The Jimi Hendrix Experience (Sony Music) four-CD box returns from out-of-print limbo. You wouldn’t be blamed for sometimes slipping into the debate that Jimi Hendrix is over-rated, but just pop in the Experience’s Are You Experienced, and that argument vanishes as quickly as it surfaced. There’s good reason why he’s often regarded as the greatest electric guitarist ever. Three studio albums were all he released in his lifetime, but the legend transcends. This beautiful package (with mouth-watering literature and production details) pools together outtakes, demos and different mixes of renowned songs. While the early Experience material is the star of the show – including a scintillating live version of Voodoo Child (Slight Return) – there are some gems from his later era, too, particularly the alternative mix of Earth Blues, which, by itself, is worth the price of admission. This is what gospel-meets-rock should be about.

Apart from the Europe-only box set Someday We’ll All Be Free in 2010, soul man Donny Hathaway’s career has always been underserved in terms of catalogue. That shouldn’t be the case. Hathaway’s music – socially aware and fiery soulful – deserves to be right up there with Marvin Gaye and the rest. This four-CD Donny Hathaway – Never My Love: The Anthology (Warner Music) goes a long way in setting things right. This collection brings together the man’s essential solo tracks (The Ghetto, Tryin’ Times, Someday We’ll All Be Free and A Song For You) as well as his stirring duets with Roberta Flack, which raised the bar for soul-based collaborations in the 1970s. The entire Roberta Flack & Donny Hathaway album from 1972 has also made the box set. A 28-page booklet sheds invaluable light on one of soul’s forgotten sons. Two CDs of unreleased solo and live recordings complete this highly recommended trawl through the genre’s lost corners. Roberta Flack said it best in describing Hathaway: “Phenomenal and just awesome.”

van morrison - moondance
Van Morrison's Moondance.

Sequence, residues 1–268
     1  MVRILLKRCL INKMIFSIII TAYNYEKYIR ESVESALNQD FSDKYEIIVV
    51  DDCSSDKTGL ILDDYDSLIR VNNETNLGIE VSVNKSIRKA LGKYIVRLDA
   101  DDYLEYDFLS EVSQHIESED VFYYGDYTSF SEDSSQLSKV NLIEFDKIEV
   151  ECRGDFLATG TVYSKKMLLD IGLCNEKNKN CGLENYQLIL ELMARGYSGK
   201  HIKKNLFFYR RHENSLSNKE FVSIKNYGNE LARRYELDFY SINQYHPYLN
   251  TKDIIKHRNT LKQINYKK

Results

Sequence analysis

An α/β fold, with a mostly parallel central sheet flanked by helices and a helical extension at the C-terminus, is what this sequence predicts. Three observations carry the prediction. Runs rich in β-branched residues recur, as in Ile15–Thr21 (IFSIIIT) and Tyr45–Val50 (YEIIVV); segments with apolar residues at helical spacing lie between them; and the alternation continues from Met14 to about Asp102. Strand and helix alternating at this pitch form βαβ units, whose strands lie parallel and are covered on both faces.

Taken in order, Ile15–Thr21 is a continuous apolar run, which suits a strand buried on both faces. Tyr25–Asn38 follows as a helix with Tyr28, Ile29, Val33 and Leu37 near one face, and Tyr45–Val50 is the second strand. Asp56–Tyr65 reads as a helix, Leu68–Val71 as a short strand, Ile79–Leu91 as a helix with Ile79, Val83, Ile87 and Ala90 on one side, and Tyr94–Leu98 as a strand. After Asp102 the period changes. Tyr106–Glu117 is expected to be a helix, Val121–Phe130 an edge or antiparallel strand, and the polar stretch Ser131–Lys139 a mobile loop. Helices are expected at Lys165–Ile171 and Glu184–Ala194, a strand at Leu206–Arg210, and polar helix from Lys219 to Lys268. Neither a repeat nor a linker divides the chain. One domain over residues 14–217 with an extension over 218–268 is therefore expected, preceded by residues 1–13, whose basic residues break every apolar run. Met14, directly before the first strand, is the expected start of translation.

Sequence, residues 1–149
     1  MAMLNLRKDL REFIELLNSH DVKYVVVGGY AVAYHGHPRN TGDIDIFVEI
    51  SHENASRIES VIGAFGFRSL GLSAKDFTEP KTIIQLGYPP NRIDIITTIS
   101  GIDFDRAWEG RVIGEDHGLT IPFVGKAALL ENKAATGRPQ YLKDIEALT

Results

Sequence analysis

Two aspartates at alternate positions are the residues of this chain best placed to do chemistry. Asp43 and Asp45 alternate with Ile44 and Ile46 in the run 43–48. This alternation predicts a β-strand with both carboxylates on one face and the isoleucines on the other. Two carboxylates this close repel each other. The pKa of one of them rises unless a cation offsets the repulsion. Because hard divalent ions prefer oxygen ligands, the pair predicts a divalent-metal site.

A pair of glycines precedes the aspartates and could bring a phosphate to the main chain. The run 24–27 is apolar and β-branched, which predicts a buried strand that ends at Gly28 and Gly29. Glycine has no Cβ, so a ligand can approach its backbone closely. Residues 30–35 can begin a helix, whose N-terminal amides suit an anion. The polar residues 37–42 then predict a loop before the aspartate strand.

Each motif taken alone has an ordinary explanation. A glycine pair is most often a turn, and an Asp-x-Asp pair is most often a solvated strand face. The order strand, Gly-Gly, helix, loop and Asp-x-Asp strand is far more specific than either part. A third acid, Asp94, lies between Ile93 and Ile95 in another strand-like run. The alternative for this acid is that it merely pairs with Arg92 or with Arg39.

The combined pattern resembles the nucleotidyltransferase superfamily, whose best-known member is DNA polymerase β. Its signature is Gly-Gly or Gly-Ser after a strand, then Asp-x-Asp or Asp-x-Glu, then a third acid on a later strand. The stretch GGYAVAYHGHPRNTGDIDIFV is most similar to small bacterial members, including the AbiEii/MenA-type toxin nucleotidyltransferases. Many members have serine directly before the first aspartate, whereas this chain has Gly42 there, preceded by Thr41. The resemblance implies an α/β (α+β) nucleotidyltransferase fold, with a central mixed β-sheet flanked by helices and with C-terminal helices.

Van Morrison isn’t an artiste short on classic albums. His Astral Weeks and Saint Dominic’s Preview rank right up there with the best, but Moondance, originally released in 1970, is a time-defying masterpiece. Talk about a song-based album that never fails to leave an afterglow in the room. This four-CD (plus one Blu-ray) deluxe linen-wrapped folio edition from Warner Music definitely sounds like an album to fall in love with all over again – thanks largely to the digital upgrade. The additional tracks (outtakes, alternative cuts) shine a light on the then 24-year-old Irishman’s attention to detail and his achingly intimate songcraft.

Admittedly, the unreleased material (50 offcuts from the Moondance sessions!) and studio chatter (ol’ Van sounds grumpy, at times) can diminish the perfect integrity of a sublime album, but worry not, you’ll be totally absorbed by multiple early versions of Caravan, Come Running and Into The Mystic. Raw and ragged might be the order of the day, but there’s always a velvet lining in everything Van Morrison touches. A crackin’ version of blues standard Nobody Loves You When You’re Down And Out is also another reason for true collectors to take the plunge when it comes to this bumper edition. A two-CD expanded version of Moondance is also available for fans wanting only the actual album and a shortcut to the best of the rarities.

If anything, Moondance makes the perfect record to reinvigorate yourself once the hectic festive season winds down. A far more soulful option than a massage chair, we feel.

Check out the range of box sets at Rock Corner, Victoria Music, Movie Magic and Speedy Video stores in the Klang Valley. Keep it music for Christmas!

Tags / Keywords: Entertainment, Entertainment, Box set, CD, review